By Pankaj Sachdeva
In cinematic parlance, the phrase breaking the fourth wall is often used by writers and critics. The concept refers to the technique where the actors in a film or a play interact directly with the audience. This method was first conceptualized by Denis Diderot and the term itself was first used by Molière. The term originated in the theater where the fourth wall refers to the imaginary wall at the front of the stage that separates the audience from the performers. There are two sides and one back of the standard stage. The invisible fourth wall, thus, encloses the world created by a play. By addressing the audience directly, the actors and the performers call attention to the fact that the audience is watching the play. Thus, these moments cut through the imaginary fourth wall, hence, the term breaking the fourth wall is used to describe them.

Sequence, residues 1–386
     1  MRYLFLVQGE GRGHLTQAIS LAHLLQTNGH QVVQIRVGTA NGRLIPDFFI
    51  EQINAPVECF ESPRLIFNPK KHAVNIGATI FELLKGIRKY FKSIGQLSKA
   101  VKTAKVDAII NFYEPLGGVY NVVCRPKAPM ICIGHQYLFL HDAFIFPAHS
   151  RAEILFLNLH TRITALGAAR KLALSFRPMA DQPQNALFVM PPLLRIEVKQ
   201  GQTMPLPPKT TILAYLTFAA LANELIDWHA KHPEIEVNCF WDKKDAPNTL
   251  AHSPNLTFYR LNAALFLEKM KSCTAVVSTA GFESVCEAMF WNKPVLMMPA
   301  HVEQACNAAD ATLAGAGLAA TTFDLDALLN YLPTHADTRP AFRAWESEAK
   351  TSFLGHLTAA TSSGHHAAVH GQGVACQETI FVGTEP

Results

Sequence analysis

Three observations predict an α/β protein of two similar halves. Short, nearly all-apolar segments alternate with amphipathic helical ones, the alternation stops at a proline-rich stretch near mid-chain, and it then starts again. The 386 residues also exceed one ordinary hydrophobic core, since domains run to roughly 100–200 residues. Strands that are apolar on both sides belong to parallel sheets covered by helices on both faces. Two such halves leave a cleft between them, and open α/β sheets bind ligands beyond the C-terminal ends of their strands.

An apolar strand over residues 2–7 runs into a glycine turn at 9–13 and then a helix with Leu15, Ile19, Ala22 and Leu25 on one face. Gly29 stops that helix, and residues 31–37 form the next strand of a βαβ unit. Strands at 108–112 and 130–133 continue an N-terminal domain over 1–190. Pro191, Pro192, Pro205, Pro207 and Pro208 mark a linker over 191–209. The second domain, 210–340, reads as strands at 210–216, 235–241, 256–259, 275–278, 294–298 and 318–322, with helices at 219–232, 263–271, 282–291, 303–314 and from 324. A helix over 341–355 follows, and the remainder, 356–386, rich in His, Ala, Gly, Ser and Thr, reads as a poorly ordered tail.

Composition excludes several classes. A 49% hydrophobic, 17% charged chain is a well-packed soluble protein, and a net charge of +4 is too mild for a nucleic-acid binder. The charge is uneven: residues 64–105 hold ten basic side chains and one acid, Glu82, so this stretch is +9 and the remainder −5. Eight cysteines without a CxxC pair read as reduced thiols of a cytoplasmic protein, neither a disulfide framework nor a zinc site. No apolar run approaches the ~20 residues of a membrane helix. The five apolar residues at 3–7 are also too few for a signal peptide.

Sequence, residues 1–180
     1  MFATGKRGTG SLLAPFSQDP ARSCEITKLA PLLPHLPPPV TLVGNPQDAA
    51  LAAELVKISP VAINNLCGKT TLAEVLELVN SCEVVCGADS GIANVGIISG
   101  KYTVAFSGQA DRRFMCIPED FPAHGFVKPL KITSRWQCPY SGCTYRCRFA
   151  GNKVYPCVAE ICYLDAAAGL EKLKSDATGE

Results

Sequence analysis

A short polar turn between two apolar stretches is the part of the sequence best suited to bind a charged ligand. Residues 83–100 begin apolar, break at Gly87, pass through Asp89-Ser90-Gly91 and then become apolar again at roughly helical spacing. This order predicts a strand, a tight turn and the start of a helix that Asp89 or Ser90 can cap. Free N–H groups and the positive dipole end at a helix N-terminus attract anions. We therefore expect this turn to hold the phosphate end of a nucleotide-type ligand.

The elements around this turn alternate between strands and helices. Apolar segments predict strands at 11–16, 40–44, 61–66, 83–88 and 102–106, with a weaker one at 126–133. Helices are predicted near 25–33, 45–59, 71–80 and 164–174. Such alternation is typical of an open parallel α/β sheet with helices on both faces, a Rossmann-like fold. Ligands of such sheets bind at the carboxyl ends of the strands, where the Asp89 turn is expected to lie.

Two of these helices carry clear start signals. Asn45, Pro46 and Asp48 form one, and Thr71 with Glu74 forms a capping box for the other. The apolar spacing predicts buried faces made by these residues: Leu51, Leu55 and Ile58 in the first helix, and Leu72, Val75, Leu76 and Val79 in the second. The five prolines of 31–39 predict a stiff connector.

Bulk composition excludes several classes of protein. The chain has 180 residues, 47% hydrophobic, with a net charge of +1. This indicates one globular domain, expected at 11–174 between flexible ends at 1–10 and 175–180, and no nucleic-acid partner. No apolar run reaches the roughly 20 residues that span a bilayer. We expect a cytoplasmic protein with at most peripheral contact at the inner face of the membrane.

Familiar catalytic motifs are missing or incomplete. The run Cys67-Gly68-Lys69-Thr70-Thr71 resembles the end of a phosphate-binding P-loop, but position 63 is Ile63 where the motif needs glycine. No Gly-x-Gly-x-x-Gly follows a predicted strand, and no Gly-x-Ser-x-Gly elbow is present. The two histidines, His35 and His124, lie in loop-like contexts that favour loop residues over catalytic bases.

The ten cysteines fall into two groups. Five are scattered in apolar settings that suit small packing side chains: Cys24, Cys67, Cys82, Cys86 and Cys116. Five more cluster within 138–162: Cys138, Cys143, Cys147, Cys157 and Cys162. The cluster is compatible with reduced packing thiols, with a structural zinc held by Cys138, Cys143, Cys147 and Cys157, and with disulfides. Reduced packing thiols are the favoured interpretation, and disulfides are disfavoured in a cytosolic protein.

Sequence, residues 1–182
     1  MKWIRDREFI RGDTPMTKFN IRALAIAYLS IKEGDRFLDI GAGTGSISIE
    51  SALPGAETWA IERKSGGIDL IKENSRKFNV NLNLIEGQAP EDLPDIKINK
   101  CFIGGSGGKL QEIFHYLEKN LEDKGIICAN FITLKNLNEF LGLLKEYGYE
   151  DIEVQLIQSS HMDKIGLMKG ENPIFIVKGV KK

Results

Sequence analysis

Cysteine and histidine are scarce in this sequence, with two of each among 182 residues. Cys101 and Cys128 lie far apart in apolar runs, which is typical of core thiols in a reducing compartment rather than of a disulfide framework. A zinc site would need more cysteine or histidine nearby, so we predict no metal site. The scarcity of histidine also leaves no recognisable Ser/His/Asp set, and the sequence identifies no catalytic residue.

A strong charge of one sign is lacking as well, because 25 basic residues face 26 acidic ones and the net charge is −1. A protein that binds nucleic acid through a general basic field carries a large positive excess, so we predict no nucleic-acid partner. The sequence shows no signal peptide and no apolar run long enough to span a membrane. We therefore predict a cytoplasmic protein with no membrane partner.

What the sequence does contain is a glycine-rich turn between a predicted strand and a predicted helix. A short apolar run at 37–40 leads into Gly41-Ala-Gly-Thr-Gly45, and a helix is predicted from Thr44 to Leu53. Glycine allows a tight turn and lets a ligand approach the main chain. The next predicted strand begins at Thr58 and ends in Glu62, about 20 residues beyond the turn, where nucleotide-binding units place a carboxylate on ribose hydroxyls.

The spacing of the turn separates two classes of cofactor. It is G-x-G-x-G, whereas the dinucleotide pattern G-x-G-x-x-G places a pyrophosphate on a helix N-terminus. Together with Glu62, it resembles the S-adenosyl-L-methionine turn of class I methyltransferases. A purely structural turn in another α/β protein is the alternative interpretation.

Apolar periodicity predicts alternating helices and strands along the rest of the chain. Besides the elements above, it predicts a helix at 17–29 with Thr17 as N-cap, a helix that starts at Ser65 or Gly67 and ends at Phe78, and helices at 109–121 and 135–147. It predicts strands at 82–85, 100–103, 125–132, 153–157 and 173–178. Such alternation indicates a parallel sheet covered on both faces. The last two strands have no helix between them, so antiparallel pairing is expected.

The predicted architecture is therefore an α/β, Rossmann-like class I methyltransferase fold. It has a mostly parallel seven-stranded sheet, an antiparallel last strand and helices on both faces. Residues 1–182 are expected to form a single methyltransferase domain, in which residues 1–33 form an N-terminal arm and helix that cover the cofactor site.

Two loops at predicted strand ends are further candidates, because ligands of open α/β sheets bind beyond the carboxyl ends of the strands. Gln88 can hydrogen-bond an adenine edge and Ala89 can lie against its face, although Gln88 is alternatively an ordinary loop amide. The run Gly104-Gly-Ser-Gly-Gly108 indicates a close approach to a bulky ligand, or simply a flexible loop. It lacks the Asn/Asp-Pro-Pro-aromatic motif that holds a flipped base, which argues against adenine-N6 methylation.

There are many contemporary films and shows that use breaking the fourth wall as a storytelling device. Films, such as Deadpool and The Wolf of Wall Street, and shows, such as House of Cards, have used this concept recently. However, it is not really a new phenomenon. Films in Hollywood broke the fourth wall even during the early 1900s. One of the earliest examples of the technique’s use in cinema is from the 1903 film The Great Train Robbery, where a train robber shoots directly at the audience in the final scene.